I have been self-injury free for 15 months but I don’t feel free from self-injury.
Looking at the Cornell Research Program on Self-Injury and Recovery website’s page on The Recovery Process I have reached the stage of Stability:
‘self-injury free for 1 year or more and unlikely to injure again; might still have thoughts or urges but does not act on them’ (The Cornell Research Program on Self-Injury and Recovery 2016)
According to this model of progress I won’t be classified as Secure until I reach 60 months’ self-injury free, which puts my current status into perspective. Furthermore, consider that I have reached the stage of Secure previously having had 8 years’ self-injury free between my first period of self-injury in late adolescence to the re-emergence of the behaviour in adulthood. Recovery is a slippery term and a non-linear process.
Last year I moved to a new city and I submitted my PhD thesis which examined my experiences with nonsuicidal self-injury. During my PhD I had been fortunate enough to have access to the university provided free counselling service. My counselor there was excellent – it was my first experience feeling that I was given the agency to make decisions about the support that I needed and the approach taken to my care*. The level of access I had to the service and the fact that it was a free service was amazing! After moving, and submitting, I was aware that my access to professional mental health support would change.
I used Beyond Blue’s, Find A Professional online directory to try to find the type of professional support I was seeking. My specifications – a psychologist preferably with an understanding and perspective on self-injury that aligned with mine, who offered an ACT approach to treatment. The other catch was of course, that I needed to be able to afford the treatment.
After some research into the names offered up by my search results I made an appointment. The psychologist I saw was likable and I felt comfortable with them. Their pricing was also reasonable however because I was seeing them as a private patient I would not receive a Medicare rebate or subsidy, meaning the sessions would be a significant financial outlay (and one very hard to justify given my income). The psychologist followed the weekly/fortnightly schedule for appointments – an approach which is common but one that does not align with my desired approach to my care. They only operated one day a week in my area which also meant I’d have to regularly negotiate with my workplace to have that day off (this can be a difficulty in some workplaces where you do not necessarily wish to disclose that you need time off to consult a mental health professional). After two sessions I decided that I’d hold off on making more appointments. Consequently, not long after I received a notice that the psychologist would no longer be working in my area, meaning I was back to square one.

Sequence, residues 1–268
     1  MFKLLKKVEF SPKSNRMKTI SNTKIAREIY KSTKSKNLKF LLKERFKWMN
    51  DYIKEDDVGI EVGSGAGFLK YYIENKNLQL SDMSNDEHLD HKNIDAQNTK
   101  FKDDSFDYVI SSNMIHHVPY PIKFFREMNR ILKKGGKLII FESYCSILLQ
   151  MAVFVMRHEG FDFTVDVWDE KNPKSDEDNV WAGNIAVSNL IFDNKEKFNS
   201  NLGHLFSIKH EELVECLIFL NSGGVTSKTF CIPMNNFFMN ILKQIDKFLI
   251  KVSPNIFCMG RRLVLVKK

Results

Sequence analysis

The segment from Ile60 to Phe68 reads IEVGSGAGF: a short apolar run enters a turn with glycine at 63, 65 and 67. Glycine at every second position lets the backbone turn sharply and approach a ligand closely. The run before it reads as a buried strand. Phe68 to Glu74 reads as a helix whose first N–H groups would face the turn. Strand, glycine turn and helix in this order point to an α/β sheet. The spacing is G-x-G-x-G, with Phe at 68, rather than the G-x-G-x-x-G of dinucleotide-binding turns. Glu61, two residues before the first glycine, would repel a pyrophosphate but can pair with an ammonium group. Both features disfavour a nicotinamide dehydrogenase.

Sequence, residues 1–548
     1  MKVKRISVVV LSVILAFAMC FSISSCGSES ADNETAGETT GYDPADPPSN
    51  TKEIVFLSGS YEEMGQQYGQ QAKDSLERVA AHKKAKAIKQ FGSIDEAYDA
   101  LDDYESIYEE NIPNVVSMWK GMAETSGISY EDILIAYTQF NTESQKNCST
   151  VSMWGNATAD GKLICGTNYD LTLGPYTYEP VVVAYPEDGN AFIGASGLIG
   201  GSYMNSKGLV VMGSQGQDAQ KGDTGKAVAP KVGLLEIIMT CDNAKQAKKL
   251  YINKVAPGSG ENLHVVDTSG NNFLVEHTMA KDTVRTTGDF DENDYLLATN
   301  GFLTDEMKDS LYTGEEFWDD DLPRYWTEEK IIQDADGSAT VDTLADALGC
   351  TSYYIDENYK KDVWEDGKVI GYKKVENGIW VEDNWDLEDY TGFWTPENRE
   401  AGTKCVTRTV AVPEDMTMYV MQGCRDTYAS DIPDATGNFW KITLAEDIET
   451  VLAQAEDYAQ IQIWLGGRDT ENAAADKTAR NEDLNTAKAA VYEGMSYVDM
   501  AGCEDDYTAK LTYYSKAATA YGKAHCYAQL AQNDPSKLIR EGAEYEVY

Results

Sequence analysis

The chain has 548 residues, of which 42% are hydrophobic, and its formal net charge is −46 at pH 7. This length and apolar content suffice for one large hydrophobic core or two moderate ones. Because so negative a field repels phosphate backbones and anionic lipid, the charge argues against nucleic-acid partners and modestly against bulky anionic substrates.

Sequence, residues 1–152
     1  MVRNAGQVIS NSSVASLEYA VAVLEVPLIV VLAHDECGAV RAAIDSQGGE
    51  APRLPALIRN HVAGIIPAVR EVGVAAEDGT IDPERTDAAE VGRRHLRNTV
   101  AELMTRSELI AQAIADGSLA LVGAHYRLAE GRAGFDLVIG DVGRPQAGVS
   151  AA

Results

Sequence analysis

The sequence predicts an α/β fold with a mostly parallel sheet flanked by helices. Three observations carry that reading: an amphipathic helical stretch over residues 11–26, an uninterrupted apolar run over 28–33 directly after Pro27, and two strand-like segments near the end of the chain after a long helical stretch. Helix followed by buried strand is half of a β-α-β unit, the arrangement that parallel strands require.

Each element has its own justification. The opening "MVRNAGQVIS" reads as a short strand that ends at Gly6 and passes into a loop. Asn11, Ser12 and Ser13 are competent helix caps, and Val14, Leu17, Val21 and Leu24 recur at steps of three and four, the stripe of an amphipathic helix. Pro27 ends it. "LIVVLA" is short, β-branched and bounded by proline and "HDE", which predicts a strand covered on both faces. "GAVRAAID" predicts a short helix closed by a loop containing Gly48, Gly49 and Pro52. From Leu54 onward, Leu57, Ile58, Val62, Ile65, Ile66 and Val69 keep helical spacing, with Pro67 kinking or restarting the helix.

Parallel to this, I had attempted to obtain a mental health care plan from my GP. Since moving I had found a GP that I was very happy with, although I’d only had a couple of previous appointments with them. When I first brought up the issue the GP ordered blood tests to check if my symptoms related to anything physical (turns out I had become iron deficient again, so at least some of my depression red flags were likely to be related to this). When making this initial appointment I had forgotten to book a longer consultation time, which meant I was required to schedule a new longer appointment time to discuss my mental health in more detail. I left the appointment slightly irritated, I knew that many medical centres had this requirement and knew that I was mentally strong enough to have to wait, but I also knew that this GP didn’t necessarily know that about me. I was frustrated that someone else who may approach their GP seeking help, might be faced with this issue and the result might mean that they don’t pursue professional support.
It took three appointments to get a referral to a psychologist and be placed on a mental health care plan. These appointments were spaced out due to work scheduling, the cost of seeing a GP when on a low wage without a concession card and a repeated error in booking a lengthy enough appointment (not something you always remember to ask for when your thinking is clouded). I called the new psychologists’ office to make an appointment only to find out that there was a 3-month wait for sessions. Again, I was disheartened.